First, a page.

Yumenoshima is literally translated as Dream Island and will host several venues for the 2020 Tokyo Olympics. It is with this in mind that I took a little time to visit this island. Dream Island is a funny name to choose for what is essentially a trash island. From the very beginning, Yumenoshima was proposed as an airstrip until the war started. Due to a lack of supplies, the island was left alone as a recreation area until the 1950s when the island was scheduled for land fill via trash. Like many islands in Tokyo Bay, many were created with the trash of Tokyo. Yumenoshima is no different and by 1967, the landfill was full and closed. It took another 11 years for the current Yumenoshima to take shape with a large park and a small stadium. There is also an incinerator keeping to the history of accepting trash on the island.
Getting to Yumenoshima is pretty easy, but it isn’t convenient. Located just north of Shin-Kiba Station, the entire area is pretty big. It is a little daunting for people looking for a leisure stroll but because it is not in a very popular area, like Yoyogi Park, it isn’t used as much as it could. I visited on a weekday and it was a nice quiet day in the park. The western side of the island will not be popular for most people as it is populated with various baseball parks and a stadium. The Yumenoshima Stadium, or Dream Island Stadium, is an athletics field that can be used by various organizations. I would imagine it is most popular for schools using it for training. The stadium itself is pretty simple with some stands on one side and walls around the rest. I have never heard of any events taking place there but I would imagine the city holds track meets for the students and other events would be held there as well. The day I visited, I saw many school kids in track suits and I could only imagine they were using the park as a training ground. The entire stadium is likely to be destroyed and rebuilt by the time the Olympics start as it will hold some equestrian events and the facilities are currently not capable of holding any Olympic events in its current form.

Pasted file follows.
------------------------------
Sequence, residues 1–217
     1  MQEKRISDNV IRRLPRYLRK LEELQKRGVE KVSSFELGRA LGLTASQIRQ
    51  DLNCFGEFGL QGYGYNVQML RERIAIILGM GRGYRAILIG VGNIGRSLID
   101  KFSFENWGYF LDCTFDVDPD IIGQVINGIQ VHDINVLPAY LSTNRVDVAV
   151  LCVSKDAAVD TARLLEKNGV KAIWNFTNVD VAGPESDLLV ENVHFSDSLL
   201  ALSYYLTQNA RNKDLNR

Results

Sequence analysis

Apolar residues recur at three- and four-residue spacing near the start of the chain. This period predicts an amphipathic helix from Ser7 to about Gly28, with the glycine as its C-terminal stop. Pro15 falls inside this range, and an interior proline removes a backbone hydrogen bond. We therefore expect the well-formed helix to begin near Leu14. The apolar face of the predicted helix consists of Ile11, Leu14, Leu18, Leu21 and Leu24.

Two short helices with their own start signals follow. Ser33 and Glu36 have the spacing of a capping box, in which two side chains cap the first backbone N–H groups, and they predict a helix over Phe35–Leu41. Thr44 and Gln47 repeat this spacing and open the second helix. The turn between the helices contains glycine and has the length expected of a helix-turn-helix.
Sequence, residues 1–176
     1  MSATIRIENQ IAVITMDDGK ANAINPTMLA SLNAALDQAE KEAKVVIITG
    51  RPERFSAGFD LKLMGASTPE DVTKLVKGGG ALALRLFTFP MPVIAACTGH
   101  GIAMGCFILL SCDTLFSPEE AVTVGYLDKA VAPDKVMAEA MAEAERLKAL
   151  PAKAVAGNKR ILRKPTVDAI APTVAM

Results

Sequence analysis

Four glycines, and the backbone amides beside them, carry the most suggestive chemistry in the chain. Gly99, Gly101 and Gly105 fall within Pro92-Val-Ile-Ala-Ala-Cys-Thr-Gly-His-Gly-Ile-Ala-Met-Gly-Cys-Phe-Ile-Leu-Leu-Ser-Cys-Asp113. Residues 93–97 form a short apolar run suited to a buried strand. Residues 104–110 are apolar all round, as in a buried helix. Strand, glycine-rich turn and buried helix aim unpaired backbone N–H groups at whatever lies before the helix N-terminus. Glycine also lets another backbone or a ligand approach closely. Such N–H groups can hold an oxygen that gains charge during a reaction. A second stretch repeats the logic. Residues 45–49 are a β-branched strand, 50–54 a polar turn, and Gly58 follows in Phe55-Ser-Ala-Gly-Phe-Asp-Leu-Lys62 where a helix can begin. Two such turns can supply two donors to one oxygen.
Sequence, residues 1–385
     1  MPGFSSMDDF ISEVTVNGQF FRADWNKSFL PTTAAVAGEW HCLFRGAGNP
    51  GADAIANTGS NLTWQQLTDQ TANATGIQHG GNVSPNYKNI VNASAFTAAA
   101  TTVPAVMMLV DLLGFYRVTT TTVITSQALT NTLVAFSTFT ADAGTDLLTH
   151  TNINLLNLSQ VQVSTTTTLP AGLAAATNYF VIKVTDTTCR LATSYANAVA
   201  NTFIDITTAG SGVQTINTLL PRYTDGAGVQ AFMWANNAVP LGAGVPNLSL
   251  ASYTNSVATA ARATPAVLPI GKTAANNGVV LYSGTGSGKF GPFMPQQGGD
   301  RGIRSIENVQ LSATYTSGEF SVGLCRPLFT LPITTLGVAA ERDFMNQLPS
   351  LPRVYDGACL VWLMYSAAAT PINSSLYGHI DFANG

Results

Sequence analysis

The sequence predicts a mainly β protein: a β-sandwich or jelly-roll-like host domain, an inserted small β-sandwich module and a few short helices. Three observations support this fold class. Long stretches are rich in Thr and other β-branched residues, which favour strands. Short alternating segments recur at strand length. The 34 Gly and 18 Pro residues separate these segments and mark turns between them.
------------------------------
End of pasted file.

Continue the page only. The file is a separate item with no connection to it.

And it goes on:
The main area of Yumenoshima has to be the east side. The main park can be split into two sections. There is a public track made of asphalt, but aside from running around it in circles, there isn’t much to say about it. The other side has a large bowl field surrounded by beautiful trees. The field is shaped like a bowl and as you approach the centre, you head down an incline. It is an interesting shape but completely useless as a place to play any real sports. I found it very peaceful in that area of the park with various people walking around that area. I am afraid that this area will be destroyed to build an archery stadium, but I’m not sure how much space will be needed for the stadium. The bowl field is the most likely location for this as the area next to the bowl field will be razed and a new sports centre will be built.